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2022-RA-809-ESGO Underlying causes and prognosis of mismatch repair deficiency in endometrial cancer other than MLH1 promoter hypermethylation
  1. Merve Kaya1,
  2. Cathalijne Post2,
  3. Carli M Tops3,
  4. Ellen Stelloo4,
  5. Maartje Nielsen3,
  6. Melanie E Powell5,
  7. Alexandra Leary6,
  8. Linda R Mileshkin7,
  9. Paul Bessette8,
  10. Stephanie M de Boer2,
  11. Ina M Jürgenliemk-Schulz9,
  12. Ludy Lutgens10,
  13. Jan J Jobsen11,
  14. Elzbieta M van der Steen-Banasik12,
  15. Remi A Nout2,
  16. Nanda Horeweg2,
  17. Tom van Wezel4,
  18. Vincent Smit4,
  19. Carien L Creutzberg2 and
  20. Tjalling Bosse4
  1. 1Department of Medical Oncology, Leiden University Medical Center, Leiden, Netherlands
  2. 2Department of Radiation Oncology, Leiden University Medical Center, Leiden, Netherlands
  3. 3Department of Clinical Genetics, Leiden University Medical Center, Leiden, Netherlands
  4. 4Department of Pathology, Leiden University Medical Center, Leiden, Netherlands
  5. 5Department of Clinical Oncology, Barts Health NHS Trust, London, UK
  6. 6Department of Medical Oncology, Gustave Roussy, Villejuif, France
  7. 7Department of Medical Oncology, Peter MacCallum Cancer Centre, Melbourne, Australia
  8. 8Department of Obstetrics and Gynaecology, University of Sherbrooke, Sherbrooke, QC, Canada
  9. 9Department of Radiation Oncology, University Medical Center Utrecht, Utrecht, Netherlands
  10. 10Department of Radiation Oncology, MAASTRO Clinic, Maastricht, Netherlands
  11. 11Department of Radiation Oncology, Medical Spectrum Twente, Enschede, Netherlands
  12. 12Department of Radiation Oncology, Radiotherapy Group, Arnhem, Netherlands


Introduction/Background The vast majority of mismatch repair-deficient (MMRd) endometrial carcinomas (EC) are due MLH1 promoter hypermethylation. Here, we aimed to investigate the prevalence, prognosis and underlying causes (including Lynch syndrome (LS)) of MMRd EC other than MLH1 promoter hypermethylation.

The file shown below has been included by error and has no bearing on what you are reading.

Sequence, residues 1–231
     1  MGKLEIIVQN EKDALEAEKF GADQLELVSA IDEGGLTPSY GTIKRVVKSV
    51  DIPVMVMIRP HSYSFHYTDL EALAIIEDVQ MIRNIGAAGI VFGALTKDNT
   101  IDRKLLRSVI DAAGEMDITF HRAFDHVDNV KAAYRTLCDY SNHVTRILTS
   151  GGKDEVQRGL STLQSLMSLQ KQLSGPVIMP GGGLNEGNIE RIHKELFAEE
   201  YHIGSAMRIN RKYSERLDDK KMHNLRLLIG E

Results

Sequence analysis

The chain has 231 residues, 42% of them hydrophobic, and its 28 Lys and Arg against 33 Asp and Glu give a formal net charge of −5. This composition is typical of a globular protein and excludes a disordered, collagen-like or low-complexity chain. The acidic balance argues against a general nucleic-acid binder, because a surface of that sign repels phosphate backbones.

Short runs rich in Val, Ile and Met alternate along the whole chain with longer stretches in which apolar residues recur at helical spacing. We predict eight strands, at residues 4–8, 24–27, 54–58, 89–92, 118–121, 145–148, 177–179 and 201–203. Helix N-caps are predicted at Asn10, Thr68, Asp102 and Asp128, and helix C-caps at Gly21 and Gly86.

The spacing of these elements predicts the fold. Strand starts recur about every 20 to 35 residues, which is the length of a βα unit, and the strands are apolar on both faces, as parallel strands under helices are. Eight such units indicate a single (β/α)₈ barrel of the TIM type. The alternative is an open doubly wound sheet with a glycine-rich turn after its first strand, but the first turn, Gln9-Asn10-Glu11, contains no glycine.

Methodology From the 409 MMRd ECs that were identified by MMR-immunohistochemistry (IHC) in the PORTEC-1,-2 and -3 trials, 97 cases did not have MLH1 promoter hypermethylation. These 97 cases were analyzed by matched tumor-normal tissue targeted next-generation sequencing (NGS) for the presence of MMR and POLE mutations (class 4/5 variants). Furthermore, microsatellite instability (MSI) testing was performed. Differences in 5-year recurrence-free survival (RFS) were analysed using the Kaplan-Meier method and log-rank test. On a subset of cases NGS is pending and results will be added for the meeting.

Results In 34 cases (35%) a germline MMR mutation (LS-associated) was identified of which 8 (24%) had a second somatic hit. Upon excluding LS-associated ECs, a somatic alteration in MMR genes was observed in 52% (n=33), including double somatic hits in 35% (n=22). In the remaining 48% of cases (n=30) no MMR mutation was found of which the majority (n=22) was confirmed MSI. Rereview of all (discrepant) MMR-IHC did not reveal misinterpretation of MMRd status. Somatic POLE mutations were identified in 7/97 cases (7%). The 5-year RFS did not differ significantly between LS-associated and non-LS-associated MMRd EC (5-year RFS 94.1% [95% CI 86.5–100%] vs 93.5% [95% CI 87.5–99.9%], respectively; p=0.72; figure 1).

Abstract 2022-RA-809-ESGO Figure 1

Kaplan-Meier survival curves for recurrence-free survival for patients with LS-associated EC (germline mutation in MMR gene) and other non-LS-associated MMRd EC. All Cases with MMRd phenotype without MLH1 promoter hypermethylation are included in this analysis, including cases with a concurrent POLE mutation (POLEmut-MMRd EC). P value reflect 2-sided log-rank test. Abbreviations: EC, endometrial cancer; LS, Lynch syndrome; MMR, mismatch repair; MMRd, mismatch repair-deficient;

Conclusion Identification of an underlying cause for unmethylated MMRd is feasible in the majority of EC cases applying matched tumor-normal tissue NGS. A significant proportion was confirmed to be LS-associated or sporadic MMRd, while only a small subset remained unresolved. Although this distinction did not carry prognostic relevance, identification of definitive sporadic causes may release patients and relatives from burdensome LS-surveillance.

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